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US arms maker wins $11bn deal to sell F-35A jet fighters to Finland

Finland's Prime Minister Sanna Marin, left and Minister of Defense Antti Kaikkonen take part in a press conference, in Helsinki, Finland, Friday, Dec. 10, 2021. (Photo by AP)

Finland has locked a deal to purchase 64 fighter jets from US arms builder Lockheed Martin to replace its aging fleet of combat warplanes in a 10 billion-euro ($11.3 billion) transaction that represents its largest ever military acquisition.

The government of the Nordic country announced on Friday that it has picked the US company's F-35A fighters from among five contenders that included the Boeing F-18 Super Hornet, France's Dassault Rafale, Britain's Eurofighter Typhoon and Sweden's Saab Gripen.

Finnish Prime Minister Sanna Marin further declared that her government’s decision -- based on a recommendation by the Finnish military -- to purchase F-35A was unanimous.

“New fighters are a key part of Finland’s defense,” Marin added in a press briefing. “Fighters protect the integrity of Finnish airspace, protect society from airstrikes and support (Finnish) army and navy operations.”

The country’s Defense Ministry also stated on Friday that the price tag for the deal with Lockheed Martin includes training and other equipment.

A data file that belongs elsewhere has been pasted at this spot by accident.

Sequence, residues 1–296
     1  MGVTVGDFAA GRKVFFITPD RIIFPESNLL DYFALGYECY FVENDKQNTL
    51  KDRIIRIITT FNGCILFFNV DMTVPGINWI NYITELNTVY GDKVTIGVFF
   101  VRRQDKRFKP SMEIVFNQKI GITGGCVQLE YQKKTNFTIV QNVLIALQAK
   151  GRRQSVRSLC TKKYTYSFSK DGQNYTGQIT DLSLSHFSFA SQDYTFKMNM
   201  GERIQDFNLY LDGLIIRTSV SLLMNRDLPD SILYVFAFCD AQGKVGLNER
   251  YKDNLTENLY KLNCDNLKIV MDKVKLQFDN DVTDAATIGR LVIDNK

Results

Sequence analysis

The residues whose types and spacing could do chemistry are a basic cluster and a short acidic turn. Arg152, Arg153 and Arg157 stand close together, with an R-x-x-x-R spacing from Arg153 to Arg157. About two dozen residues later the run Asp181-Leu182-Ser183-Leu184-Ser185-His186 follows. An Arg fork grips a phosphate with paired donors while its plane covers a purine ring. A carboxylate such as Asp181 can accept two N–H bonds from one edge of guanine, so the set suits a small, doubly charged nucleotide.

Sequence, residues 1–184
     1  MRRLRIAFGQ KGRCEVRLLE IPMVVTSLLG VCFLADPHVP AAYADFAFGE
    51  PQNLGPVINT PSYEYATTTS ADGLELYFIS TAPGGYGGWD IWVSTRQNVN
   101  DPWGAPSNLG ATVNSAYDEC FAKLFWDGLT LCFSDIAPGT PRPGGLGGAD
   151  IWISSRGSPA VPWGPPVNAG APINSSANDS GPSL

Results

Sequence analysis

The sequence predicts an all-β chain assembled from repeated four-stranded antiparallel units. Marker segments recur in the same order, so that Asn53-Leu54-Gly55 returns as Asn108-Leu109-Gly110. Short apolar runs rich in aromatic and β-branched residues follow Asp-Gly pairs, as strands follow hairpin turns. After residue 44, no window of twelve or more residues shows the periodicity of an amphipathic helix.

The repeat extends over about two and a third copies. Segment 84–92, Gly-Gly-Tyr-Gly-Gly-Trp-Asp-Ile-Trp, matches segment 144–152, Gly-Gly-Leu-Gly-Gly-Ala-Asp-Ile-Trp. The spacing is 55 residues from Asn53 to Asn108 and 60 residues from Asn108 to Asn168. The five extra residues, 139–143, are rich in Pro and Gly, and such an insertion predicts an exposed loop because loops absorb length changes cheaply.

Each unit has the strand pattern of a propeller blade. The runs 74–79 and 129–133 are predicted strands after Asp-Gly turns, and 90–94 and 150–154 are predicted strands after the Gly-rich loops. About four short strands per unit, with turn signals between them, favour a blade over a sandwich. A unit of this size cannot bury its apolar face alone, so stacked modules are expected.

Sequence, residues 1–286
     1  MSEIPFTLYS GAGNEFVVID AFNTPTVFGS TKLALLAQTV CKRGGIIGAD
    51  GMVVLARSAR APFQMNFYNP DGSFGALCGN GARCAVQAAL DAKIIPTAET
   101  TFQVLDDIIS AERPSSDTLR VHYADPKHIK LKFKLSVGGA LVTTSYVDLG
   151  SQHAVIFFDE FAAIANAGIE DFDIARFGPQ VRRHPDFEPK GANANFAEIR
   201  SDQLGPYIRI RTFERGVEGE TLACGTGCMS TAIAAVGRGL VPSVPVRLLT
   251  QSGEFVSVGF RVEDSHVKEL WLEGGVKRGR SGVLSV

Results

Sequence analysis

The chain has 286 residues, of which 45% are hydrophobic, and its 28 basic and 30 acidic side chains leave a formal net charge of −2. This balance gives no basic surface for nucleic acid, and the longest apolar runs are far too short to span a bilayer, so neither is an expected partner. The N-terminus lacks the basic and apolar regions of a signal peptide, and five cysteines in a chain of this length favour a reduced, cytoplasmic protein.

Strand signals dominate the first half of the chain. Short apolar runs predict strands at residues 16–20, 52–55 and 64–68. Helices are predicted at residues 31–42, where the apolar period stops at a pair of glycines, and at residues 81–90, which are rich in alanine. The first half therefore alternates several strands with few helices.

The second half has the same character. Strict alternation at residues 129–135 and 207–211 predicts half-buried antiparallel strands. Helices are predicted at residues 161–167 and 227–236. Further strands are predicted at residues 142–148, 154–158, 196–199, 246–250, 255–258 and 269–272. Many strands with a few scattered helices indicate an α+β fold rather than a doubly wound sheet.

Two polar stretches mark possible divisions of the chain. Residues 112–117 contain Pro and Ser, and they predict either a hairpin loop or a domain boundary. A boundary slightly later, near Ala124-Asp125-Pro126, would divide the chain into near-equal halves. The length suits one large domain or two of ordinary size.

The Finnish air force currently maintains a fleet of more than 60 F-18 Hornets -- acquired in the early 1990s. It began shopping for a successor aircraft in 2014.

Finland, which shares a 1,340-kilometer border with Russia, has increased its bilateral defense and military cooperation with Sweden, Norway and the US in the past few years.

The major US weapons maker also declared in a statement that it was “honored" the Finnish government picked the F-35 “through its thorough, open competition.”

It added that the arms deal would include “a robust weapons package, a sustainment solution tailored to Finland’s unique security of supply requirements, as well as a comprehensive training program.”

Finland is a member of the European Union bloc and although it claims to be a militarily non-aligned nation, the country closely cooperates with the US-led NATO military alliance in a way similar to neighboring Sweden.

Switzerland, another militarily non-aligned European country, along with NATO members Denmark and Norway have previously decided to purchase the F-35 combat warplanes.

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